By Sarah Young

LONDON (Reuters) - Indonesia-focused coal miner Bumi Plc said on Friday it was pressing ahead with a split from its co-founding Bakrie family as it tied up a review of unit Berau, telling investors more than $200 million had been lost at the operations.

Bumi's board hopes to turn the company around after a probe into financial irregularities and feuding between the Bakrie family and co-founder Nat Rothschild.

They plan to split from the Bakries and unit PT Bumi, leaving Bumi focusing solely focused on 85 percent-owned Berau

Posting a $52 million annual loss for 2012 in long-delayed earnings, Bumi said falling thermal coal prices meant it would write down the value of PT Berau by $815 million and of its investment in PT Bumi - the Jakarta-listed unit it plans to part with - by $1.39 billion.

Bumi also said it had completed a review of irregularities in the accounts of Berau - the process which held back publication of 2012 results - which identified expenditure of $201 million which had no clear business purpose.

It said it was in talks to recover the lost cash but chief executive Nick Von Schirnding conceded that it was possible that it would be permanently lost. He declined to say who the discussions were with.

"We are appalled but not surprised by the extent of malfeasance that has been documented today by Bumi," Rothschild, who owns an 11 percent stake in the company, said in an emailed statement, adding that he planned to issue a more comprehensive response in due course.

SPLIT STILL ON TRACK

The plan to draw a line under what Von Schirnding called "a huge mess" by separating from Indonesia's influential Bakrie family, was, however, still on track.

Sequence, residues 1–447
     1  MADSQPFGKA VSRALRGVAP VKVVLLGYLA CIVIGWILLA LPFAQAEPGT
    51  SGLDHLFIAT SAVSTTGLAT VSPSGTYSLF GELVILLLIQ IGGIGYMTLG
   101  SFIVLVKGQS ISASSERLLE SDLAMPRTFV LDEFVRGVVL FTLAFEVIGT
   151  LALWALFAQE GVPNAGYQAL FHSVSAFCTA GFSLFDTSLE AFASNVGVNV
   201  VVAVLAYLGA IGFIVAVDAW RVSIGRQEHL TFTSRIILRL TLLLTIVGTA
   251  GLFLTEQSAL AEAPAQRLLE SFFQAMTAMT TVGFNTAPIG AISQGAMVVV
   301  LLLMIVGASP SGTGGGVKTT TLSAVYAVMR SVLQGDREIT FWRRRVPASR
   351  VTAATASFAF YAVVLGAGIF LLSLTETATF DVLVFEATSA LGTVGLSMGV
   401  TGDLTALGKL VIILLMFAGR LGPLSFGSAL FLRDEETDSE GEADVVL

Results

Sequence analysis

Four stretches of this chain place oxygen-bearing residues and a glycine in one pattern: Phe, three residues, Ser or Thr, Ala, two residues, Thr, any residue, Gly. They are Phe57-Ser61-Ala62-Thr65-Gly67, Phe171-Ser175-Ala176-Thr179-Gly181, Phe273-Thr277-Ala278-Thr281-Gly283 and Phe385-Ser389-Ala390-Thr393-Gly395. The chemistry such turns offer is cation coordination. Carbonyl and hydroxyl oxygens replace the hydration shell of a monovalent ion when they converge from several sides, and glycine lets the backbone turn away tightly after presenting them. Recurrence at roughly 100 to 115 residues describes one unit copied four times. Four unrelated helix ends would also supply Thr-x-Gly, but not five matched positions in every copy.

"I'm very confident that the separation will go ahead," he told reporters.

He added that the Bakries, whom he met in Singapore earlier this week, had assured him that the "requisite funding will be there" and that he hoped the company would be able to put the deal to shareholders before the autumn.

Under the terms of the split, the Bakries will pay Bumi $278 million in cash for an 18.9 percent stake in Bumi Resources , of which $50 million is already held in escrow to ease investor concerns over the debt-burdened Bakries' ability to fund the deal.

"Operationally the business continues to perform ahead of our expectations, although rightly, the key value drivers in the near term will be the Bakrie/Bumi Resources separation and restoring the market's faith in corporate governance," said Liberum analysts in a note.

Shares in the company have been savaged - they are down 80 percent since the listing - not only by the corporate governance issues but also by weak thermal coal prices.

The company's Berau business produced 27 percent more coal in the first quarter of 2013 compared with the same period last year, although the average selling price was 19 percent lower on costs which it cut by 7 percent.

"We are facing troubled coal markets still as we speak, though I believe we have reached close to the bottom of thermal coal pricing," Schirnding said.

Bumi, whose shares have been suspended due to a two-month delay in the publishing of its earnings, said it would apply for its shares to resume trading only after it completes an overhaul of "external systems and controls" due to be finalized before the company's shareholder meeting on June 26.

He added that the company's search for a new independent chairman was advanced and that he was hopeful of making an announcement in the next few weeks.

(Additional reporting by Clara Ferreira-Marques; Editing by David Cowell)

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